“I was petrified of studying, petrified of asking questions,” he says. “I didn't know how to study, and so I didn’t study – it was the fear that if I did study, I wouldn’t get it.”

After his first semester, he enrolled at a Warrior-Scholar boot camp at Yale. 

“They showed us how to study, and that’s where the confidence started to grow. Then it was about having the confidence to speak out, and feeling confident that you belong,” Mr. Kane says.

Maclaine took to the course at Yale back in 2013. In the first three or four months Saddleback, “I had two friends on campus, and they were more like acquaintances.” But after he took the program, things changed.

It hammered “the value of developing relationships outside of the ones I had before,” Maclaine says. “If you don’t develop relationships with people at school, you’re going to have a hard time.”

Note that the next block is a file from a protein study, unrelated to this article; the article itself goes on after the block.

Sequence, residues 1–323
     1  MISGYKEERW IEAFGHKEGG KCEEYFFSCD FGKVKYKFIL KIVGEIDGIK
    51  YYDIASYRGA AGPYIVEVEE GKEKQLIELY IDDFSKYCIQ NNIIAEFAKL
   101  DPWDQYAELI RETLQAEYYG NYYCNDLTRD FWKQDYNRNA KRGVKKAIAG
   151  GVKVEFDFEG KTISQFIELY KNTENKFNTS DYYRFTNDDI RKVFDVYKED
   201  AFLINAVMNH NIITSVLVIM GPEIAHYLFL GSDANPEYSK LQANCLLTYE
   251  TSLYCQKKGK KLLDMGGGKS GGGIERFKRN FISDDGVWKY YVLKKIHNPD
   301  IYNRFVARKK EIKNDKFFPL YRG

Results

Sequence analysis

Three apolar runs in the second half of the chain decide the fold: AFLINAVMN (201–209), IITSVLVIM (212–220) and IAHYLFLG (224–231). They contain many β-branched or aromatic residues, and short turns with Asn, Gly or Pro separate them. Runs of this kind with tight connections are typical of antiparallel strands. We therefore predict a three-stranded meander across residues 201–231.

He picked up some more basic skills, too, including training in “how to use commas and write cohesive paragraphs…. I wouldn’t have gotten A’s otherwise,” he says. “I went into English and Algebra class and just crushed it – I destroyed those classes.” 

This training and camaraderie is particularly helpful when former troops also may be struggling with post-traumatic stress following their years of service, veterans say. 

'I was unhealthily reclusive' 

Ryan Polk knew he wanted to be in the military back in high school, when his best friend’s father was killed while serving in Iraq. “I didn’t have much of an interest in killing, but I wanted to join to bring home more guys like him.” [Editor's note: A reference to the Marines has been removed from this paragraph.]

He enlisted in the Army in 2008 and became a medic, deploying to Iraq two weeks after completing his airborne training. It was on his third deployment, this time in Afghanistan, that a platoon leader in the unit he was attached to was shot.

They were calling for a medic as a more explosions erupted around them.

“I was able to get him behind a rock and treat him.”

As he was carrying him to the landing zone to have him medically evacuated, however, Mr. Polk was injured, sustaining shrapnel in his side.